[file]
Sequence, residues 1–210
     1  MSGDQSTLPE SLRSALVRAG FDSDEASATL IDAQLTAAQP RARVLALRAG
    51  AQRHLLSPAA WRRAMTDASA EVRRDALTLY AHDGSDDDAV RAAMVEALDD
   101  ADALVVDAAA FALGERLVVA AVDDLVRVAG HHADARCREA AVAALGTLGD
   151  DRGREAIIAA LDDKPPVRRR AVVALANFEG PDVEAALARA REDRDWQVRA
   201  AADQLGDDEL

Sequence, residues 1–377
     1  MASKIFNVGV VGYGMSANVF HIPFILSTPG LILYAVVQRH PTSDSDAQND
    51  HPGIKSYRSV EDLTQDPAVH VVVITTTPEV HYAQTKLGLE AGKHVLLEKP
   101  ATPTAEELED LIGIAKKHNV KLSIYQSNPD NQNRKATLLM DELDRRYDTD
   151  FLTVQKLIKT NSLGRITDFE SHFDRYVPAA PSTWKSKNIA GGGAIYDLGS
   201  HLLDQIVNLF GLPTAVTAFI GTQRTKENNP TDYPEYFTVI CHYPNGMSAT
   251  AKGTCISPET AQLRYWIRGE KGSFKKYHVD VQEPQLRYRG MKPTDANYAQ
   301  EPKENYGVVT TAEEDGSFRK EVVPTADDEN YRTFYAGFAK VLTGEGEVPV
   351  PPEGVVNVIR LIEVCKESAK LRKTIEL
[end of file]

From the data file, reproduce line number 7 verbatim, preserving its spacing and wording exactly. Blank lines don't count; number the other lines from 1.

Sequence, residues 1–377